Created | Updated Jan 28, 2002
Probably everyone has already heard of lasers as a strange and forceful form of light, used in CD players or in tattoo-removal, which have the potential to destroy entire planets, as seen in George Lucas' Star Wars movie, or at least incoming nuclear missiles, as seen in Reagan's Star-Wars programme. Most people have actually seen laser light in presentations, parties or rock concerts, and probably everyone thinks of lasers as being something essentially groovy.
However, few people realise that the laser is an interesting piece of science and technology which has its roots way back in 1917, and that a laser is more than just bundled light with some amazing properties. Even fewer people understand how a laser works, even though it is, to a certain extent, quite simple.
LASER is, in fact, an acronym for Light Amplification by Stimulated Emission of Radiation1 coined by Gordon Gould in the 1950s. Laser light is formed by light being generated in a very particular way. A light-generating medium is kept between two mirrors, where it generates more and more light (that is why it's called light amplification). One of the mirrors is designed so that it will only reflect 99% of the light back inwards, with the rest (1%) let through. That 1% is the laser beam. A more exact explanation can be found in How a Laser Works.
The usage of the word 'laser' has evolved to refer to the machine generating the beam, rather than the beam itself. 'Laser light' is now seen to refer to the original meaning of 'laser' - the actual laser beam. There are different types of lasers, ranging from ultra-light and small micro-lasers to enormous high-precision, high-powered lasers. They can be used in numerous applications such as CD players or microchip lithography.
The History of the Laser
The concept of stimulated emission was brought to us by none less than Albert Einstein in 1917. The way a laser should work was, at least in theory, clear by then. However, it remained a technical problem until 1954, when it was eventually solved by CH Townes for microwave radiation2 and later in 1964 by TH Maiman for the visible part of the spectrum.
The Nobel prize of 1964 for the work on 'lasers' went to Townes, NG Basov and AM Prokhorov, leaving some celebrities hurt. It should be remarked here, that there has been a huge discussion about 'who really invented the laser'. In the middle of this debate was Gordon Gould, supposedly the first person to suggest that a laser could work (at least it was him who coined the word 'laser'). In 1977, he eventually won the decisive patent suit3 and his company, Patlex, received 5% of the cost of each laser produced in the 20 intervening years. Whether Gould did genuinely invent the laser is still being debated, but he does hold the patents on optically and electrically pumped lasers (80% of all used lasers) and on fiber-optic communication.
In the 1970s a raging 'lasermania' swept through many research labs around the world, leading to the invention of a variety of new types. But the common opinion of the time was that the laser was a cool invention looking for a job.
What is so Cool about Laser Light?
Because of the way this light is generated, there are some properties that people find very interesting. Perhaps its most important property is coherence. Coherence is generally a measure of perfection of anything, in this case the light. It describes how parallel it is, if the light is in phase, how monochromatic it is. Another cool thing about lasers is that they are really intense. These points are expanded upon below.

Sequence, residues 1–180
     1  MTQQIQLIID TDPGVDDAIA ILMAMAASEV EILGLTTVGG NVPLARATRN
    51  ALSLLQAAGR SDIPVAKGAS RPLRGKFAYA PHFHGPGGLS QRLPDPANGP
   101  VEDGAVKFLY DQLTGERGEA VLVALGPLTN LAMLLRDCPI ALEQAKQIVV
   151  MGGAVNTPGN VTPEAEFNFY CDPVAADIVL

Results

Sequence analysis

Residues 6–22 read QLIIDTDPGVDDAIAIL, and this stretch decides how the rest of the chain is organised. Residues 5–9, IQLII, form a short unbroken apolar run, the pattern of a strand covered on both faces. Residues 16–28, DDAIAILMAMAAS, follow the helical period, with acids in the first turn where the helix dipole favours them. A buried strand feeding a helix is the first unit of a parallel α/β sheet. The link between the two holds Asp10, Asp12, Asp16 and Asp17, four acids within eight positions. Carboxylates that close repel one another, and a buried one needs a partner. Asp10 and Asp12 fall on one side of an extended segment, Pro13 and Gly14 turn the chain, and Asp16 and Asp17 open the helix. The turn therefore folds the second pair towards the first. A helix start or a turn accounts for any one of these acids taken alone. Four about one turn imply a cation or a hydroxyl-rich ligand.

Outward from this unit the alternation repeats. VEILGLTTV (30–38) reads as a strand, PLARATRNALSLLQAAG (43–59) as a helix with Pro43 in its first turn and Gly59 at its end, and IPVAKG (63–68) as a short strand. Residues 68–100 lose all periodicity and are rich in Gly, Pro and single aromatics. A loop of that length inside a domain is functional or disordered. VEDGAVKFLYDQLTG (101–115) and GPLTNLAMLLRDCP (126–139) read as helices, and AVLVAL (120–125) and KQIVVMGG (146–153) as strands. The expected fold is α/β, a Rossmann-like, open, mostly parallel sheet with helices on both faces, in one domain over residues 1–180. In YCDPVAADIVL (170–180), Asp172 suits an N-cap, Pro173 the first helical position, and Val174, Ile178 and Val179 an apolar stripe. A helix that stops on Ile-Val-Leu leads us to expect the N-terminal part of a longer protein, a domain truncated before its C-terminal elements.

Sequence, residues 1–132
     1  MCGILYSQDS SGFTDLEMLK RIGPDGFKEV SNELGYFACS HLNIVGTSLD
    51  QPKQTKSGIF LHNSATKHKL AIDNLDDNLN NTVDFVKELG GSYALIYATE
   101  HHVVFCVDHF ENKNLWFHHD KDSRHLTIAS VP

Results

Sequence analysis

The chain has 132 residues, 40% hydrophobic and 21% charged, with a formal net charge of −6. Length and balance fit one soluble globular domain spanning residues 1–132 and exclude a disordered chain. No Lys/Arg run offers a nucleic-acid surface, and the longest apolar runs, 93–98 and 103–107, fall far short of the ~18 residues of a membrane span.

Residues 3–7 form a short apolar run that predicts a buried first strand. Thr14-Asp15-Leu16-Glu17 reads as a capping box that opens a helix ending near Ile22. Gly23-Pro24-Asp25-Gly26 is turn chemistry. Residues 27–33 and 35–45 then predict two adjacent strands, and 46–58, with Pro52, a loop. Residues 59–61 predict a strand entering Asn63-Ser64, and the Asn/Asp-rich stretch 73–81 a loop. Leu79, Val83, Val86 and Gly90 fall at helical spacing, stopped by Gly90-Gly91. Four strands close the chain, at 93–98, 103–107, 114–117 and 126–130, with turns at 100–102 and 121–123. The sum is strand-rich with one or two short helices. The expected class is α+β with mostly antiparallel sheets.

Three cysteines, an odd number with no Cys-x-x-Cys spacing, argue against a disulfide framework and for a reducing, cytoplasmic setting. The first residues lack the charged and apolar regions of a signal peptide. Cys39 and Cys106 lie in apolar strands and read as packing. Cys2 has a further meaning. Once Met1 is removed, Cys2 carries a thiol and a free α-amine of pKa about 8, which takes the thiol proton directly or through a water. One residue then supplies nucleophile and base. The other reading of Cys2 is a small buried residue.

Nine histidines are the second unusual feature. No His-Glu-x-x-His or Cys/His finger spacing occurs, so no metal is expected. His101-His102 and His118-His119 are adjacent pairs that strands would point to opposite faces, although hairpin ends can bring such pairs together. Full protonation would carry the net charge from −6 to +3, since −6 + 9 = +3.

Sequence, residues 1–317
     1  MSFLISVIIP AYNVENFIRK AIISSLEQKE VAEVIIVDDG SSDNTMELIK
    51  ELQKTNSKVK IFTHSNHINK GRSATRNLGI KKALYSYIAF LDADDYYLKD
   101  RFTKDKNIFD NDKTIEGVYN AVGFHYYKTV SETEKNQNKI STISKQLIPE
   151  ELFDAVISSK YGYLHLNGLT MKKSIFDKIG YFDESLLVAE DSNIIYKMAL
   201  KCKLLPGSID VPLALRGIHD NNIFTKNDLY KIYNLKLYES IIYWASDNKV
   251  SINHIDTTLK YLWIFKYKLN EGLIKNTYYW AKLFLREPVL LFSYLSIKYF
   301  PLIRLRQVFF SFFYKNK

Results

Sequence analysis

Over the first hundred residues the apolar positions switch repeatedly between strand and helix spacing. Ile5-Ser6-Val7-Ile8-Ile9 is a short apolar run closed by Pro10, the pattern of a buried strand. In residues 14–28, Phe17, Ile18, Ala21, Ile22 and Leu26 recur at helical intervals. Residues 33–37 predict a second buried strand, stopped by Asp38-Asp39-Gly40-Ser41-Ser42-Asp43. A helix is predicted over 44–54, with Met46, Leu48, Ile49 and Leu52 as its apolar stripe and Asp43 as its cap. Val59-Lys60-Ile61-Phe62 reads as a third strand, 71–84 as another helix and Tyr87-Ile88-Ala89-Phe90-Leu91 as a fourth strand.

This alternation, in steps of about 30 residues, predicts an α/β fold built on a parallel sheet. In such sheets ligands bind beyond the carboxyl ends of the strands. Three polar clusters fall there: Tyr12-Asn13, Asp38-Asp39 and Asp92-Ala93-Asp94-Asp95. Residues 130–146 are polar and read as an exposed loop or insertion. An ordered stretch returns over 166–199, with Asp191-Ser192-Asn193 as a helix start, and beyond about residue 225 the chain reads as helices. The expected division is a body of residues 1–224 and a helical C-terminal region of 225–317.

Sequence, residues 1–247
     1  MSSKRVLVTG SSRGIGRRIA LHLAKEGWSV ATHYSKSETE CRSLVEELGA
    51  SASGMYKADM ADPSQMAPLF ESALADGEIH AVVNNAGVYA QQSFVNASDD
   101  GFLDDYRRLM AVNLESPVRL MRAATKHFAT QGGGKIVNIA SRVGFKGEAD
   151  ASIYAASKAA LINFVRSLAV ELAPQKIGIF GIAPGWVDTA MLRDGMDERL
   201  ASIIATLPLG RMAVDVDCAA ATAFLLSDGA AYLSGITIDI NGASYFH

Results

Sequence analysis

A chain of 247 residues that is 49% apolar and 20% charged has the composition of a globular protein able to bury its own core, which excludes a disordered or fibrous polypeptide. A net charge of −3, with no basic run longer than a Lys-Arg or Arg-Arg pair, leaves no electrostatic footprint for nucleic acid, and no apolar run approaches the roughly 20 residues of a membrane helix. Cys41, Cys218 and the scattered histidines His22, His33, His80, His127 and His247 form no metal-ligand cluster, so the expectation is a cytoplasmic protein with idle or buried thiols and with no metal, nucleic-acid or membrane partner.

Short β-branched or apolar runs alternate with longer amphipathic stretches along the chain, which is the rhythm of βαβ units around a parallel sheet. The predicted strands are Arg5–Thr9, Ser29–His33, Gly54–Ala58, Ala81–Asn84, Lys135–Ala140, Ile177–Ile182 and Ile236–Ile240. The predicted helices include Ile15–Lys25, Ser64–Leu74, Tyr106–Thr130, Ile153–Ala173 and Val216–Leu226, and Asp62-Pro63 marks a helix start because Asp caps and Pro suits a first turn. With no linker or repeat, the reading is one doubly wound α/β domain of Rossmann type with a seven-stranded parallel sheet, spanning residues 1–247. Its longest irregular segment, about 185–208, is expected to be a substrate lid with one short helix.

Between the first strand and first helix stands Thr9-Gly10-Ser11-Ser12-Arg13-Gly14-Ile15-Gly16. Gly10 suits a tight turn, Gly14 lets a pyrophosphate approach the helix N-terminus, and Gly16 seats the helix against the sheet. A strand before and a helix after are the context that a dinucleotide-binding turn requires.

Parallel - The light generated in the laser medium is highly ordered, with all photons having exactly the same direction. For this reason, laser light has an enormous range (depending on the laser type (see below) - up to hundreds of kilometres without losing too much in intensity. It can also be focused very sharply. This has two consequences: first, the light intensity in the focus can be increased by 10 orders of magnitude, and second, the optical resolution is dramatically increased in optical devices such as microscopes.
Phase - Normal light can be manipulated to become quite parallel, but it will never be 'in phase' - ie have all the waves with their maxima and minima in the same place. Interference will not be observable using normal light. Interference in its turn is crucial for holography and interferometry (a highly precise method for measuring distances). Common Neon-light can be generated 'in phase' using some tricks, but it will only be in phase for a distance of about 10cm. Laser light remains 'in phase' for hundreds of kilometres.
Monochromacy - Because all the generated photons have the same colour, the light is said to be monochromatic. In reality, even laser light is not absolutely monochromatic, but its line-width (that is, the variation of colours) can be thousands of times smaller than the best non-coherent monochromatic light source (like Neon-Lamps). For that reason, laser light can be used in high precision spectroscopy. It is a common misconception that one of the definitions of laser light is its monochromacy. In fact, lasers do not necessarily have to be monochromatic. (There are even white lasers).
Intensity - Since the emission of the photons from the medium is synchronised, all the light being generated can be present in one single pulse. The mirror arrangement can be designed in such a way that 100% of the light is kept between the mirrors and then, for a fraction of a second, all 100% let out. This laser pulse is quite short (picoseconds or 10-12 seconds), but humongously intense (the most powerful lasers are pulsed polychromatic solid state lasers which have an output of up to 1TW (one terawatt) - which is more than enough energy to start nuclear reactions).
Laser Types and Laser Light Generating Methods